happens. this is the moment. this is a hinge point. decisions made in the coming days and weeks and few months could end the war in syria or it could define a very difficult set of choices for the future. >> reporter: quite how difficult is clear from the remarks senior russian ministers have been making in munich. the prime minister says his country is feeling increasingly isolated. >> translation: one could go as far as to say that we have splid back to a new cold war, almost on an every day basis we are called one of the most terrible threats or to europe or to the u.s. >> reporter: the russians stress that they have national interest in syria and they have no secret agenda. they have denied that they are
bombing rifl l civilians there. the humanitarian tragedy suffered has been highlighted by aid agencies and groups ally. hundreds of thousands of people have been killed and millions more displaced inside and outside syria. >> i think the underlying crisis we're dealing with is a tremendous crisis. it became a crisis says when refugees went to europe. that is been going for five years. it's in different parts of the world. what needs to happen, we need to give the protection, the international protections which these people who are fleeing from war and persecution deserve and are entitled to. >> reporter: while there may well be international support for a peaceful what way out of the crisis at the same time there are since that regional players like turkey and saudi arabia are readying their forces for ground operations
in syria russia has reportedly bombed rebel held territory. peace talks continue in munich. videos shared on social need showed target shown. somalia armed rebel group al-shabab has claimed responsibility for this man's bomb blast on a commercial aeroplane. a suicide bomber carried out the attack which forced to make the plane to make an emergencying landing. the suspect is the only person killed in the incident. brazil declared war on the mosquito that is spreading the zika virus. tens of thousands of troops today were deployed through the country with leaflets.
the president said the virus won't compromise the olympic games if august. >> reporter: more than 200,000 personnel from the brazilian army, air force and navy were deployed across the country. they handed out leaflets of the dangers of still or stagnant water. which is where the mosquito breeds. >> translation: as the population begin to see the size and the scale of this operation, with so many soldiers in the streets, the population will realise this is a series issue and everyone will do their part in their homes >> reporter: the virus has been linked to the birth defects of microcephaly in babies. >> translation: i'm three months pregnant and here i am with long clothes and repellant.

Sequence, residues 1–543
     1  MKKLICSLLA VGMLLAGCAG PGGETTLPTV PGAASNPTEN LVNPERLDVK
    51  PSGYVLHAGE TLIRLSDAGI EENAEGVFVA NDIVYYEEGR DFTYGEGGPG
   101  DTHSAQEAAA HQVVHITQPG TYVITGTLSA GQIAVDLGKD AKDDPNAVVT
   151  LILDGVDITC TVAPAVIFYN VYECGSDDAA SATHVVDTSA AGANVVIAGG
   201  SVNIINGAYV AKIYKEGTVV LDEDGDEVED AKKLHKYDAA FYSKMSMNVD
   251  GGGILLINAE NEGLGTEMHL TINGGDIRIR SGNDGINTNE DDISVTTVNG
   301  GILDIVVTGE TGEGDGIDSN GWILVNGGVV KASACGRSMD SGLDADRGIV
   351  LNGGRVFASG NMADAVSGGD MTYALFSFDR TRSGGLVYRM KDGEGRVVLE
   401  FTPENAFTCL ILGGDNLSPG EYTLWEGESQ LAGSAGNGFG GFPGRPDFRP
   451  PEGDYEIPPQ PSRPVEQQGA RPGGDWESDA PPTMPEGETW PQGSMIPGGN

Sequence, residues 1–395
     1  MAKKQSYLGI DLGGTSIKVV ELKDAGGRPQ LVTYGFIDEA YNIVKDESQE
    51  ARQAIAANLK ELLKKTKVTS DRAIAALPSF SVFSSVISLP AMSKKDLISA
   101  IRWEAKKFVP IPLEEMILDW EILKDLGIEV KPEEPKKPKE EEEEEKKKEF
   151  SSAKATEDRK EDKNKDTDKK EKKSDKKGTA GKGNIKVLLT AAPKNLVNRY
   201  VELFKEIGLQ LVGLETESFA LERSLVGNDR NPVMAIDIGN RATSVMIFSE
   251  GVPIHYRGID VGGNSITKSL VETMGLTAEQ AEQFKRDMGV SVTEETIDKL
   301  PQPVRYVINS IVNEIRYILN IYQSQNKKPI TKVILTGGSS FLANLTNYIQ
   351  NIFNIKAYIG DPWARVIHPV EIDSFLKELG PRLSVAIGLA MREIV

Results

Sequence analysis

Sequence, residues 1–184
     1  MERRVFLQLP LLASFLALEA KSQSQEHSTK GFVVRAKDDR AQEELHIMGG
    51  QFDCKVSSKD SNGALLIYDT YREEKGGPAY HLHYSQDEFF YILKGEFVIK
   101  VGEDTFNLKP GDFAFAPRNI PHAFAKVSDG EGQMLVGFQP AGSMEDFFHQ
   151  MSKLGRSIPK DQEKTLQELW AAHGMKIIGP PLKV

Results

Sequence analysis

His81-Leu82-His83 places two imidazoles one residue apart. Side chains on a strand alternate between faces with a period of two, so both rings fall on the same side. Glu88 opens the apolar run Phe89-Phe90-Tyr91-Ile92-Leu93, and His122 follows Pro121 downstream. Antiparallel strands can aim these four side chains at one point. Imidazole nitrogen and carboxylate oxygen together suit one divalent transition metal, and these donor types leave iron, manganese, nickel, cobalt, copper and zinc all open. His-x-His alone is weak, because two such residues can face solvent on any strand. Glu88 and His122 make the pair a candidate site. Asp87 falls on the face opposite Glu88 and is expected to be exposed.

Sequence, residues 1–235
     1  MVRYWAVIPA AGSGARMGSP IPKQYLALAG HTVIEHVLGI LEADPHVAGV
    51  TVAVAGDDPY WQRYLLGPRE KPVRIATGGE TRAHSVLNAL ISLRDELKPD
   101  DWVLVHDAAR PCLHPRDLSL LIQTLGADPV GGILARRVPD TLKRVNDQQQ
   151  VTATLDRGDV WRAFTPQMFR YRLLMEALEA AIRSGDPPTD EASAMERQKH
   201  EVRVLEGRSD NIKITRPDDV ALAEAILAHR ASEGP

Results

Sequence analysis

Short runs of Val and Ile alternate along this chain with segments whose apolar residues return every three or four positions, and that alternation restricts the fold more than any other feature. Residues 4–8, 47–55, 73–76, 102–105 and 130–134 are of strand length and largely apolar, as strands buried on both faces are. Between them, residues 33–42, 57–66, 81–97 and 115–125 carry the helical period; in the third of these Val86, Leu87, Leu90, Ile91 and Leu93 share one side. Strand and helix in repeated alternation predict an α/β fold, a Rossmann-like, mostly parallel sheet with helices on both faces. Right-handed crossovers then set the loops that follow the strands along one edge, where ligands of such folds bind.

>> reporter: the city will host the games in august and some athletes are considering of pulling out if the zika virus is not campaigned. the president says that brazil will defeat the virus >> translation: it is important to highlight that the virus has harmful effects for pregnant women, so we're carrying out an extremely focused investigation to exterminate the mosquito before we can develop a vaccine. >> reporter: the president sent her ministers to other parts of brazil to lead the education campaign, the public acts costing more than 120 million dollars will continue with troops visiting more than three million homes to identify problem areas an distribute pesticides. similar operations are underway across latin america wherever the zika virus has been found haiti's parliament is due to
vote for an interim president in the coming hours. the former president left office last sunday with no successor following a botched election. >> reporter: a ritual heralds the start of the protest towards haiti's parliament. those who march are members of the opposition and come here because they want to make sure their voices are heard. most of them say democracy in haiti is at risk. >> translation: we are protesting to get a new president and prime minister. all sectors should be represented. the former president wants to put whom ever he wants in poir. we don't-- power. we don't want that. >> reporter: last sunday the president stepped down as president leaving behind a power vacuum. the first round of haiti's
presidential election was held last year, but a run-off vote planned for the last month has been delayed amid protests and opposition allegations of electoral fraud. these people are going from one neighborhood to another gaining support. they say they're angry and they don't want argument -- on saturday parliament will vote and elect an interim president. they're working against time to get the country out of the crisis this man says. >> translation: parliament is trying to get haiti out of this process. haiti has many crisis, an economic one, social one and now political one. we need a government to help the government and the people. >> reporter: this is haiti's worst political crisis in more
than a decade. one preside many here say that former president and the international community are to blame. >> translation: for years the international community has been applauding everything he did. he was violating human rights, the constitution and handing over the country to the rich. this is a problem when 78% of the country lives in poverty. >> reporter: that's why he people vow to continue their protest. they want to make sure that whomever leads haiti, even if it's just for the next few months, is someone that will truly represent them presidential candidates will focus a lot of attention on swing states this year. one of them being wisconsin. how the state may become central to winning over labor union voters. >> reporter: we are looking at temperatures that are sinking.